While safer gambling/harm prevention measures are obviously very important, do you think there needs to be a balance struck between protecting players and ensuring they’re not too restricted? It seems that if you impose too many checks, verification processes or controls on players gambling, you run the risk of driving them directly to unsafe sites with fewer regulations…

ON: There does need to be a balance. One way this can be achieved is to make improvements to the user experience and incorporate responsible gambling tools into that. The front-end experience has changed very little over the past five years or more, and there is space for operators and suppliers to pioneer new approaches here. Onboarding needs to be fast and frictionless, but with smart design, this can be achieved while bringing responsible gambling to the forefront. The underlying technology required for this is readily available, but most operators have focused their use of this on ensuring payments are rapid and bonuses personalised, rather than how to better integrate safe gaming into the overall player experience. A change in tack here could have a profound impact on safe gaming.

AI: Having overly stringent safer gambling/harm prevention measures can indeed drive players to unregulated or unsafe gambling sites, which can pose an even greater risk to their well-being than if the site they originally wanted to play at was a little more relaxed in the first place. As such, both regulators and operators must work together to ensure a suitable balance is struck between protecting players and maintaining a positive user experience. As mentioned above, KYC checks are essential but should be designed to be as seamless and non-intrusive as possible. Then, rather than solely relying on restrictions, operators should invest in educating players about responsible gambling practices and empower them to make their own decisions. To complement this, operators may also consider using a tiered system where customers choose the level of protection that best suits them.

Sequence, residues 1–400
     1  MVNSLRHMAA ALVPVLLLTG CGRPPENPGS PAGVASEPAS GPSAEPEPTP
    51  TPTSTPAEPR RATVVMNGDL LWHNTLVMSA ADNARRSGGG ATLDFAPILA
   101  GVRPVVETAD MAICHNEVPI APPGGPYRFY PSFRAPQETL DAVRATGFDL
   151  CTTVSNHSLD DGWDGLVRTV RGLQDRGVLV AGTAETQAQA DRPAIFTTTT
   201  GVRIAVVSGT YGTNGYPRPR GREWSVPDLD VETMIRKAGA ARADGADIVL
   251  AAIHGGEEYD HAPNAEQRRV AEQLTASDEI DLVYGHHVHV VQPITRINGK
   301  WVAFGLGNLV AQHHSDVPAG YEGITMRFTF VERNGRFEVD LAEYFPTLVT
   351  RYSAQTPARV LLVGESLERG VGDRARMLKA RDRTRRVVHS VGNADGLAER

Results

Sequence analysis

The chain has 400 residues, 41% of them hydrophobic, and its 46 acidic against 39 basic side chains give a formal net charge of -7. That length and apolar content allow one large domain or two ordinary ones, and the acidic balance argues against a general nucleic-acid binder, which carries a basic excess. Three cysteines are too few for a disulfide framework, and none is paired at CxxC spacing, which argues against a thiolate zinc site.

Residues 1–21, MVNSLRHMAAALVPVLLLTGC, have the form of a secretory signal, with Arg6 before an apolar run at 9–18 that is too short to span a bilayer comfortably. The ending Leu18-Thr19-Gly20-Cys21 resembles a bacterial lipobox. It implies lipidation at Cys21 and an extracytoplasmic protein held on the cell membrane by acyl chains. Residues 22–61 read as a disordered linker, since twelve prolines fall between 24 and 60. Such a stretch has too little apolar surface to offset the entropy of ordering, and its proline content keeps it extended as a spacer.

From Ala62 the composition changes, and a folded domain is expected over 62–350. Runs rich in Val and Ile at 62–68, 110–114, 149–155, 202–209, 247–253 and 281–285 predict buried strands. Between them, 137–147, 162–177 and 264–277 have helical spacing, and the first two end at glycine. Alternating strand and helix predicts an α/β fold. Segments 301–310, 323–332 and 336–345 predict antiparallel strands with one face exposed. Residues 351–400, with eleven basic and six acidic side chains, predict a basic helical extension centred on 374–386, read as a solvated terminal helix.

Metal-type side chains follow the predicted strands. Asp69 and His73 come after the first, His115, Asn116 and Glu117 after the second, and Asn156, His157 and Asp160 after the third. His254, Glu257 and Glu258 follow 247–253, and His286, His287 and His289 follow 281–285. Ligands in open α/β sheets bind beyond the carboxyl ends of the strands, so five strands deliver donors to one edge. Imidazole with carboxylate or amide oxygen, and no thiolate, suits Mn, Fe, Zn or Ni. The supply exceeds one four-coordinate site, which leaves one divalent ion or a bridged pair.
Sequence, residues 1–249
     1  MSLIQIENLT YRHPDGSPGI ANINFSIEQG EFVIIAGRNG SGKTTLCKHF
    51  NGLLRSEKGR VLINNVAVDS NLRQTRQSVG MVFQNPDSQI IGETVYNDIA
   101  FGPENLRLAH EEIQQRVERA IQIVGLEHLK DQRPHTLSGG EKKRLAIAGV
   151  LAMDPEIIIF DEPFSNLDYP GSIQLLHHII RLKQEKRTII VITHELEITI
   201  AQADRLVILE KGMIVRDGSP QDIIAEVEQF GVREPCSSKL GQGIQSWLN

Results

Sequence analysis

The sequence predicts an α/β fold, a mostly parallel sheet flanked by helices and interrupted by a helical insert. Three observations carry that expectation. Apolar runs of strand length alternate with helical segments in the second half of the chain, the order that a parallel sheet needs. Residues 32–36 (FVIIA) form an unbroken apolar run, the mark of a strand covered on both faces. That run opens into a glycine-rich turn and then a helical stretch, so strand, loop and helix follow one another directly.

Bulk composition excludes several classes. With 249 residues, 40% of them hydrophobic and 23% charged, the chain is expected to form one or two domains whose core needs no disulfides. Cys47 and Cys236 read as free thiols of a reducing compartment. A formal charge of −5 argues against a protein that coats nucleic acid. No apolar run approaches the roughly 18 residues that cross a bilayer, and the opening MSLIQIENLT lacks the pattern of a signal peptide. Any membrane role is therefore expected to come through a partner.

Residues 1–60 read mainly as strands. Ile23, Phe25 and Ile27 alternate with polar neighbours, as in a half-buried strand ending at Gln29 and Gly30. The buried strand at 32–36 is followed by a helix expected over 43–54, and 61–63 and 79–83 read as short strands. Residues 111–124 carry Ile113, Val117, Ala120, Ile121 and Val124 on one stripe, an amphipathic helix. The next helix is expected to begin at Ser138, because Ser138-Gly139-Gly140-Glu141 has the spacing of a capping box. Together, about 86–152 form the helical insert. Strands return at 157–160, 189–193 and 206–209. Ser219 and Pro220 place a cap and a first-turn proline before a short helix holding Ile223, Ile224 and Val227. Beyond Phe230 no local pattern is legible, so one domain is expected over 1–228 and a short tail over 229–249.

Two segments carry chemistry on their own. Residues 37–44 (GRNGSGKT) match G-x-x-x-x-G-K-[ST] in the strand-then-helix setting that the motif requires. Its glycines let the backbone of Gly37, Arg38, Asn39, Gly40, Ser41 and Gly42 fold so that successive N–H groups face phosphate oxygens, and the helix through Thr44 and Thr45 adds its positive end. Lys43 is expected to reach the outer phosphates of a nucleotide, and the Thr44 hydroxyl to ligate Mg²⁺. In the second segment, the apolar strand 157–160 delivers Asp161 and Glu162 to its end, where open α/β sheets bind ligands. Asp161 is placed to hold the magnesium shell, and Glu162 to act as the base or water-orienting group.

Finally, is there anything that you think the online gambling industry in general should be doing differently when it comes to promoting safer gambling and harm prevention? Should there be a more open dialogue between regulators and operators when it comes to deciding policy/strategy?

ON: There should always be an open dialogue between regulators, operators and other stakeholders. Collaboration is key to progress, and this must come from the top down. Operators know they must protect players and are doing this, but there is always room for improvement. Esports is all about community and I think the wider gambling industry would do well to look to come up with community-led initiatives that bring players together and allow them to engage with them in a more authentic environment. They should also look to redeploy their technical capabilities into responsible gambling – they can profile players and segment them on a granular level for the purpose of marketing and bonusing, but are they really using these capabilities to be more benevolent and take player protection to the next level?

AI: As we’ve outlined above, there are several areas in which the online gambling industry could improve its approach to promoting safer gambling and harm prevention. These include increased transparency, enhanced education for players, greater collaboration with regulators – including research and data sharing – technological innovation and having regular audits and assessments of safer gambling practices to establish what’s working and what isn’t. At the end of the day, promoting safer gambling is a shared responsibility between operators, regulators and players, so by fostering an open dialogue, sharing data and insights and working together, the industry can create a safer, more responsible gambling environment that protects players’ well-being while preserving the integrity of the industry

Interviews

From Esports to Emerging Markets: Deep Dive into Sports Betting Trends 24’ with Alexander Kamenetskyi

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From Esports to Emerging Markets: Deep Dive into Sports Betting Trends 24’ with Alexander Kamenetskyi
Reading Time: 3 minutes

 

As each new year begins, there is a growing interest in anticipating the trends that will shape the months ahead. Could you provide insights into the sports betting trends that are expected to be relevant in 2024?

Our SOFTSWISS Sportsbook team has reflected on the past year and observed that the sports betting landscape largely maintains its trajectory, with several key trends that the industry is already familiar with.